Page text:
“I need to develop an editorial calendar for my blog,” she tells me at the start of our coaching call.
“Sounds great!” I reply. “I’m sure we can figure out a process that will work for you.”
(I resist the urge to tell her that my confidence comes from having tried and failed at so many editorial calendars before finding the right one for me!)
“Tell me a bit about your readers,” I say, “and the topics you’ve been writing about lately.”
“Oh, I’m not writing,” she responds with surprise.
“Why not?” I ask, more bluntly than I should.
“Because I don’t have a plan.”
If I Only Had a Plan
I get it.
I’m a “big picture” kinda gal myself.
And it’s true that in many areas of life, planning must come before execution.
As a teacher, I lay out the “scope and sequence” for an entire school year before focusing on individual units and lessons.
As the vacation coordinator for our family, I must know the dates of our trip before I can book plane tickets. Which must be purchased before I reserve hotel rooms.
But being a writer is different.
To be a writer is to live in the constant tension between the big picture and daily practice.
The Myth of the Perfect Plan
Too many would-be writers are waiting for the perfect plan before they get started.
Some of us believe that if we can just find the right plan, we will actually feel wildly motivated to write.
A lot of us harbor this alluring belief: “If I had the perfect plan, I could produce perfect writing.”
And many of us don’t want to “waste” time on writing if it isn’t going to lead to anything.
The One Way to Make Strong Progress
I started blogging almost a decade ago. I had absolutely no clue what I was doing. In hindsight, I can see that —according to the experts!—I did almost everything wrong.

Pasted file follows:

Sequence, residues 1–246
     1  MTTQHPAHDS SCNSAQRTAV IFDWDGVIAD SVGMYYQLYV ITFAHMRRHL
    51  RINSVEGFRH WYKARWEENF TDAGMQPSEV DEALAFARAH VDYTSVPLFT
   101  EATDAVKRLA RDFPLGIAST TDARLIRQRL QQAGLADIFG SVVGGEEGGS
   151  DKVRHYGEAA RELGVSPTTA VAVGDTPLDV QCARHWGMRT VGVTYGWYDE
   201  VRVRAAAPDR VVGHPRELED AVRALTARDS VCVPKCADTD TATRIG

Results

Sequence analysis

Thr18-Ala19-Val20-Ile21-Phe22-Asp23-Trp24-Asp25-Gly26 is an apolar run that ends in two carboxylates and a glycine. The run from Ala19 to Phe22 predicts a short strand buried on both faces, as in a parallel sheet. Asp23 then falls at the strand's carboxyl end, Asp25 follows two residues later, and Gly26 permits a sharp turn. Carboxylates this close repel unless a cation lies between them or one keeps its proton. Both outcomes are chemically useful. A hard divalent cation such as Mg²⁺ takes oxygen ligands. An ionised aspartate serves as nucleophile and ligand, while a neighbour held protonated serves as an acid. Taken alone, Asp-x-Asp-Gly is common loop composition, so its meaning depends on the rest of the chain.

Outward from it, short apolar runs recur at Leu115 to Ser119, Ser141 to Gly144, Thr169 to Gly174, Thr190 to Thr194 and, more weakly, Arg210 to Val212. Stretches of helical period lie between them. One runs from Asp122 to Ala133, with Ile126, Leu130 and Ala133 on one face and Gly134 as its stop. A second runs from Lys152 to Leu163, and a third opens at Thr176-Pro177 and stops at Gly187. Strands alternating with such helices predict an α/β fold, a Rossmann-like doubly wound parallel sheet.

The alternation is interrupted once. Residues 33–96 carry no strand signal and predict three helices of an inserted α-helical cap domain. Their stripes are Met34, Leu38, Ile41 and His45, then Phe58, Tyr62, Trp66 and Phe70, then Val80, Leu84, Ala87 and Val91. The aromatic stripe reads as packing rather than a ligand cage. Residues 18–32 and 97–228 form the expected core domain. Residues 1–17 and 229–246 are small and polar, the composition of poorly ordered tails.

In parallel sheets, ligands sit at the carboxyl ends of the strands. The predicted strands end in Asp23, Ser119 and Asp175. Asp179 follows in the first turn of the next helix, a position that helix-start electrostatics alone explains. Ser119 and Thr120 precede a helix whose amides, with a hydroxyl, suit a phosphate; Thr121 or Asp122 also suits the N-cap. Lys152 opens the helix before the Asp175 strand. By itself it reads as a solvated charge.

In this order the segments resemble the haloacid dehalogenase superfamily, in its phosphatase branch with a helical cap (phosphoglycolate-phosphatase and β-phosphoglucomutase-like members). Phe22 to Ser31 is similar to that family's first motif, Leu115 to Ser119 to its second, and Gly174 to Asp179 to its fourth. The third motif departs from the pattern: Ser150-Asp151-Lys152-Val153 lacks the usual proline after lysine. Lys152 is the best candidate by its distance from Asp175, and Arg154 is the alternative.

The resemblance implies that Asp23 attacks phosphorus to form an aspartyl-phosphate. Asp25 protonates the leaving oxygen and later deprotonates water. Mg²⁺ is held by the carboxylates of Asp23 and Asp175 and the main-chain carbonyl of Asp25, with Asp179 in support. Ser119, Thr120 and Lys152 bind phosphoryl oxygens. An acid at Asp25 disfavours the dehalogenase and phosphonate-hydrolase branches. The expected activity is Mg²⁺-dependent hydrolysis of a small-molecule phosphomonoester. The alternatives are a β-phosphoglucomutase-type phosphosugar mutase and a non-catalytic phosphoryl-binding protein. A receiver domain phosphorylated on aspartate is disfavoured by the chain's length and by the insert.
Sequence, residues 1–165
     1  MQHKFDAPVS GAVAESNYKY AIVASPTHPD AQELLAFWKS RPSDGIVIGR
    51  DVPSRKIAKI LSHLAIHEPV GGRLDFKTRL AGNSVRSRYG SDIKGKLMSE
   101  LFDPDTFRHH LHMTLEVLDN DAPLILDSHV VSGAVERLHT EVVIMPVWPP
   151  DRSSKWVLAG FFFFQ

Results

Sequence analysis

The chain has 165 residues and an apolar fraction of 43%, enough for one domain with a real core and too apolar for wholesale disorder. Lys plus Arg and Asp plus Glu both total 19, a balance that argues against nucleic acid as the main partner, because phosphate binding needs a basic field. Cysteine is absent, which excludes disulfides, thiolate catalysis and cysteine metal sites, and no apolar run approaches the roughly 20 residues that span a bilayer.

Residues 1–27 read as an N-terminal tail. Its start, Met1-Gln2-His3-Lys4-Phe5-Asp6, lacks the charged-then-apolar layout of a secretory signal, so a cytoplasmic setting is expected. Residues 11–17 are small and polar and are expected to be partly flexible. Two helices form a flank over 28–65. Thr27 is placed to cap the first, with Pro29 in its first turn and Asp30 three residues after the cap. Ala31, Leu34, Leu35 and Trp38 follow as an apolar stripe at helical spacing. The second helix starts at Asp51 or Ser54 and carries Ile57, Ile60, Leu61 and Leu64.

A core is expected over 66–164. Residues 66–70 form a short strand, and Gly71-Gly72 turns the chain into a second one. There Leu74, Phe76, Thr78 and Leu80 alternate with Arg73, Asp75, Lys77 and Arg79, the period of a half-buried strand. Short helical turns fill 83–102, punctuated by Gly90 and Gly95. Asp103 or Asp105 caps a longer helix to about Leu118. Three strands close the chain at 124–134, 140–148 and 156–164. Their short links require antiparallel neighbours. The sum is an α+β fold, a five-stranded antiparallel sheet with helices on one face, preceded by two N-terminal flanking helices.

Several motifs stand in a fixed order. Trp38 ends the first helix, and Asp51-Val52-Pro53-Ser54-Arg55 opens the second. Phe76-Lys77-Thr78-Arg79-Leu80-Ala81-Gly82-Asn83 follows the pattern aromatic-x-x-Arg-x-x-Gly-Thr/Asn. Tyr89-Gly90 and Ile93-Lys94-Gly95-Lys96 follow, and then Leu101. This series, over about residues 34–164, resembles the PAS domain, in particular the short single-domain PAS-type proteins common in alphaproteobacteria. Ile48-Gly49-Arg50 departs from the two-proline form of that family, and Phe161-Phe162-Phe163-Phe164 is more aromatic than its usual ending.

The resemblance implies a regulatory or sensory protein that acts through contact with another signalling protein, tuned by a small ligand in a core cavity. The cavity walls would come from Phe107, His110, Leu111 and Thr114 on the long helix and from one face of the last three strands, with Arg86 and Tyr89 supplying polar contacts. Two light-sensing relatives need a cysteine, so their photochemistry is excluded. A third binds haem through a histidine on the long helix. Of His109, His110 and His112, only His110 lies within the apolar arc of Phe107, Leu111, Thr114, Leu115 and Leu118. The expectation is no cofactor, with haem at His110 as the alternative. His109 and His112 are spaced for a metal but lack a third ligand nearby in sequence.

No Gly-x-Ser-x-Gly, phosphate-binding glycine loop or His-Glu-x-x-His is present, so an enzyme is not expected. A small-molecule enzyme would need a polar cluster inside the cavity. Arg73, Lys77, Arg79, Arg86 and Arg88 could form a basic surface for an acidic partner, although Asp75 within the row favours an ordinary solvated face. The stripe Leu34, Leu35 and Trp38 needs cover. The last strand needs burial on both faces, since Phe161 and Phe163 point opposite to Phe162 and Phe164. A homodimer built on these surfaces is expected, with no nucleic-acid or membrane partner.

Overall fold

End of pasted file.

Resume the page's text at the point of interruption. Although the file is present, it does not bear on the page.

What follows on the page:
But here’s what I did right:
I wrote my heart out.
I wrote thousands of blog posts and hundreds of thousands of words, most without any plan—other than to faithfully write what God had laid on my heart.
Eventually, as I saw the occasional person share a post here and a post there, I looked for ways to make my writing more accessible. I got more tech-savvy. Learned about branding. Figured out my target audience.
But my primary focus remained the same:
Then revise (‘cause nobody produces perfect writing) and share.
Then write next week.
And write next month.
As underwhelming as it may feel, write is the “big picture.”
What You Need to Know About Making Strong Writing Progress
Writing is never wasted.
There’s something intrinsically valuable about producing a body of work.
I’m protective of all my blog posts, even the ones that have never been read or shared.
They serve as mile markers along the journey of slow, steady writing progress that God’s been leading me on.
When I’m faced with doubt about the future, my own words remind me— without a doubt—that God can be trusted.
Speaking of all those blog posts I wrote back when I had no clue?
Over time, I discovered a common thread connecting many of them: perfectionism. And I co-authored a book about it. Then I discovered another thread: overwhelmedness. And I co-authored a book about that.
I did not have a “big picture” for either book during the months and years prior, when I sat down, day after day, to simply write.
I just knew that I had to be obedient to God’s call to write.
And the elusive “big picture” emerged from—of all places!—my writing.
Now, I’m not knocking an editorial calendar; I rely on mine. But don’t expect a simple tool to be a magic bullet.
Having a plan won’t automatically cure procrastination, guarantee perfection, or ensure efficiency.
You can make clear writing progress even when the big picture is hazy.